Leading in the Digital Age: Delegation


If you had to unexpectedly take a week off work, would your key initiatives advance in your absence?

If you didn’t answer with an immediate, resounding “yes,” keep reading.

No leader (including you) can do it all themselves. To deliver better results in today’s world of work, you must extend your presence through the action of others. How can you become more essential, effective and impactful?

Delegate appropriately.

The rules for leading in the digital age are changing. In this series of posts, we’re sharing tips for mastering leadership’s new fundamentals. Today’s post shares strategies and tactics to help you delegate effectively – and lead more successfully in the modern workplace.

Tips for Effective Delegation

Leaders frequently have trouble delegating because they find themselves unable to relinquish control of their own work. If you struggle to “let go of the reins,” try these tips:

Explain your “why.”

Delegation yields multiple benefits for you, your team and your company:

  • Engagement improves because your team does work that matters.
  • Productivity increases because tasks are given to those best suited to perform them efficiently.
  • Skills improve because you and your team can work on what you most need to know.

Articulating the reasons you’re delegating and the potential benefits will increase employee buy-in, inspire commitment and set the stage for effective partnering.

Choose the right people.

Who on your team has – or can develop – the right skills needed? Who has capacity and has shown interest in taking on new challenges? Who would view the opportunity as a reward? Identify individuals who will rise to the occasion and explain why you chose them as delegees.

Start small.

If allowing someone else to do your work is hard for you, start by delegating small tasks. Pick initiatives in which the “how” doesn’t matter, as long as the desired outcome is achieved. As your team adapts to the new tasks, work your way up by delegating larger and larger responsibilities.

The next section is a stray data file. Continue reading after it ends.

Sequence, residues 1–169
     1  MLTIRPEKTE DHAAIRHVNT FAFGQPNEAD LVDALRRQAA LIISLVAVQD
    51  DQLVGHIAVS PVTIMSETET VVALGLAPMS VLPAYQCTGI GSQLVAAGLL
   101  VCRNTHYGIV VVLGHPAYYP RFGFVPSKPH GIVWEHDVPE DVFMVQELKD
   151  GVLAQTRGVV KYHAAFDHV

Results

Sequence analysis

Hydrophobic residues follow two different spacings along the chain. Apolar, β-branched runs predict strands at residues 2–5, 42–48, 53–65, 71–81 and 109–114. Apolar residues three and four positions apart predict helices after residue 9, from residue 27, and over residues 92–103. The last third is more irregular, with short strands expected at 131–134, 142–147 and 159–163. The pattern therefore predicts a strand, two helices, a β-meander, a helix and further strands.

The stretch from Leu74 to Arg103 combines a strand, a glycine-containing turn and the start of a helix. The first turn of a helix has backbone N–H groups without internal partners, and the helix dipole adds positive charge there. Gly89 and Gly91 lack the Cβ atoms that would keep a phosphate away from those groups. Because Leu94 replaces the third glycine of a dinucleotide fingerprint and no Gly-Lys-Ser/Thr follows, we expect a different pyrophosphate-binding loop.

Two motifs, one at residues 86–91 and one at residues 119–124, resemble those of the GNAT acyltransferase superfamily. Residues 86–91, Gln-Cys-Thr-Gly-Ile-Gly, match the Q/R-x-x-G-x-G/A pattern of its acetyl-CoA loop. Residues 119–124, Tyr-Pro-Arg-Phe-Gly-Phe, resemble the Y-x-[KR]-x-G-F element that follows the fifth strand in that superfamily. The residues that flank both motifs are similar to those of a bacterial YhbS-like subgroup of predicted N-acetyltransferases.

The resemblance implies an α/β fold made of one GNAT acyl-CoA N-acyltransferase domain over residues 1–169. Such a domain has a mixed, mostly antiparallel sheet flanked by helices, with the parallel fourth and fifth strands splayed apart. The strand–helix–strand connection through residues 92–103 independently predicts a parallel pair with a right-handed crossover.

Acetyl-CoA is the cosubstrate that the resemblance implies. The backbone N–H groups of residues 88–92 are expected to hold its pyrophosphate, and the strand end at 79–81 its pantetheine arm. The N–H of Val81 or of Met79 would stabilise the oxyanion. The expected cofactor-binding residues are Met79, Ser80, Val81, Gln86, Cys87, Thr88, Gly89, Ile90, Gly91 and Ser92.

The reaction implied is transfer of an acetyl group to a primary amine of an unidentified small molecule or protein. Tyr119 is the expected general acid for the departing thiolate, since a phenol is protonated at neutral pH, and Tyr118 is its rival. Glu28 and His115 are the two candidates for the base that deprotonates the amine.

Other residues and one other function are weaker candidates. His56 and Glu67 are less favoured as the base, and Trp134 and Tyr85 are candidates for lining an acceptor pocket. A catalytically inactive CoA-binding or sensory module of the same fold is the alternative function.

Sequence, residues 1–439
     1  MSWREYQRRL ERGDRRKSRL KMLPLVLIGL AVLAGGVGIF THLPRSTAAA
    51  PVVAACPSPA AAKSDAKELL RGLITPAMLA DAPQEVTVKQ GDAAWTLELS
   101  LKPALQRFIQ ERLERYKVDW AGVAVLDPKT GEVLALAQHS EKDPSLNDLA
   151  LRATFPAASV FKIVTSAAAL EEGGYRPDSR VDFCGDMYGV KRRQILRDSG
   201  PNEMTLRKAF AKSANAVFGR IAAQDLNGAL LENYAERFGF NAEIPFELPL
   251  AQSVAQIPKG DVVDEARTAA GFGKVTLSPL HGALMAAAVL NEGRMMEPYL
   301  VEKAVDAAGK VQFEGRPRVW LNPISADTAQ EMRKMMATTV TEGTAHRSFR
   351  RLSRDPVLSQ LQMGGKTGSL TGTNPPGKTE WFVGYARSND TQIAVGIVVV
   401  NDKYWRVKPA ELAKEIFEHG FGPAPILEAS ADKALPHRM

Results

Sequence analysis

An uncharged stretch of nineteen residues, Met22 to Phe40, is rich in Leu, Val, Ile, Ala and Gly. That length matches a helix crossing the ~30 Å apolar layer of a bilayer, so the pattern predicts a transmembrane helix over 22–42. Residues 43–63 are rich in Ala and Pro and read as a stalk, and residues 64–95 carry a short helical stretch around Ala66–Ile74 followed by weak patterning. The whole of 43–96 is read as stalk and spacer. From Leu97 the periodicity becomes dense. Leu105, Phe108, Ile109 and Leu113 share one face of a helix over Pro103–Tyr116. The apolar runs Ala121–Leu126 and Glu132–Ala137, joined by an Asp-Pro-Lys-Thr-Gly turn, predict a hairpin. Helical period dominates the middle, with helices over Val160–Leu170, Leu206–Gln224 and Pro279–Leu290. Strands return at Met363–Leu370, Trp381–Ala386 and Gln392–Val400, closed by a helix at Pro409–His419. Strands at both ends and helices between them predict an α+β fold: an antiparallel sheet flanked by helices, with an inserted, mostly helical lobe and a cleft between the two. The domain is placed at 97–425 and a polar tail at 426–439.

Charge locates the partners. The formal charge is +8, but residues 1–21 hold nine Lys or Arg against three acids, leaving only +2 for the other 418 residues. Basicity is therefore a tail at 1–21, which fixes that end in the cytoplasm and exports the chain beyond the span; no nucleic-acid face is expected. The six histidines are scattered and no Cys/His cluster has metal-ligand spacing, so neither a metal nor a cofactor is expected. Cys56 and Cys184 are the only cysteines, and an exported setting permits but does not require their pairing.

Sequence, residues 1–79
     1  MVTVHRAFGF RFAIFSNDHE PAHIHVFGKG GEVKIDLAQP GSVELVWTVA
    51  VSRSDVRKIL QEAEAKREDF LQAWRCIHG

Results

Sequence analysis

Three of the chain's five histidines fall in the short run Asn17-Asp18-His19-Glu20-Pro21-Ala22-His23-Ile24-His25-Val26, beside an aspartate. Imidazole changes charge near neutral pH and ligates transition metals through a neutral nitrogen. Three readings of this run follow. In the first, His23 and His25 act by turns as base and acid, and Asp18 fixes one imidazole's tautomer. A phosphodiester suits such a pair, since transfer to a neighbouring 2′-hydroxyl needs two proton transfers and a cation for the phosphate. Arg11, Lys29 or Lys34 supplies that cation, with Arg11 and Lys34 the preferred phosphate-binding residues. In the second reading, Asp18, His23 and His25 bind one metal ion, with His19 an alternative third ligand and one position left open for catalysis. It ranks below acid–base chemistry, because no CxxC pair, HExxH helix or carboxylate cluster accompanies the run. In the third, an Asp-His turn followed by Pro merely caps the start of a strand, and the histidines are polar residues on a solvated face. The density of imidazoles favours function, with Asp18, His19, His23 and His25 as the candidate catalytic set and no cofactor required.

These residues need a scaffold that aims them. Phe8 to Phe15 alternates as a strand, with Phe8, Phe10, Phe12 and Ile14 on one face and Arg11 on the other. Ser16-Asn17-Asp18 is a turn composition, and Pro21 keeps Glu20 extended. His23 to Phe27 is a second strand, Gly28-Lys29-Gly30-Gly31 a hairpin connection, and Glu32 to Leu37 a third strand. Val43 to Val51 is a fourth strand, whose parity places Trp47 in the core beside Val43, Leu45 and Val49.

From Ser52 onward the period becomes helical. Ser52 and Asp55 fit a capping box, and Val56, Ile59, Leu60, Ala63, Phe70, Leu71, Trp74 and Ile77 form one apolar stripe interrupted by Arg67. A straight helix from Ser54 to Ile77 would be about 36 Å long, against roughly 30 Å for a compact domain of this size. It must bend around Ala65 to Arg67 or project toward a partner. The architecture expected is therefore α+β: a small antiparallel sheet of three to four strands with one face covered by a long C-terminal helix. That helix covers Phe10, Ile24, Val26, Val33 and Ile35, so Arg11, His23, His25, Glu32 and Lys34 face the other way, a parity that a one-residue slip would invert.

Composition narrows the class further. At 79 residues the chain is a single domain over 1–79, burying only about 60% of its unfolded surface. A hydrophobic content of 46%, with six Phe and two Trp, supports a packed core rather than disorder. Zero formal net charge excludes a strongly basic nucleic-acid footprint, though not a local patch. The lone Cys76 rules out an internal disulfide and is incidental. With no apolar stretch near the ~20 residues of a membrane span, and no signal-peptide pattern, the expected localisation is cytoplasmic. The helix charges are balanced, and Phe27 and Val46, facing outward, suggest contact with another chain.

Focus on priorities.

High-effort, low-skill tasks are especially ripe for delegation. To identify what you should do yourself and what you should delegate, prioritize tasks into three tiers:

  • The highest skilled tasks stay on your own plate.
  • The second highest go to skilled senior team members.
  • The lowest skilled go to less-experienced team members.

Create a sound process for success.

  • Describe the desired results – including your expectations about the outcome and clear criteria for measuring success.
  • Establish checkpoints and milestones for gauging success and course-correcting when necessary.
  • Make sure your delegees have the training, resources and freedom to accomplish what you’ve delegated.
  • Be ready to tolerate mistakes and treat them as learning opportunities.

Give and get feedback.

Once you delegate, walk away – but not before letting your staff know how they can reach you for questions.

When the task is completed, review it. Provide any feedback you think staff need to improve their work and ask them for their perspective. The information will help you delegate and will encourage your staff work more effectively on the next task.

What other skills do you need to be a successful leader in the digital age?

Keep an eye on our blog. In future posts, we will share more modern leadership tips to improve your effectiveness in today’s workplace.

Other posts in this series:

Trustworthiness: The Key to Leading in Today’s World of Work

Empathy: A Powerful Tool in Today’s Workforce

Relationship Building: Leading in the Digital Age

Still trying to do it all yourself?

If you want to make delegation a habit, but don’t have the internal resources, give your local PrideStaff office a call. We’ll help you get non-critical activities off your plate – and dramatically improve your personal and organizational performance.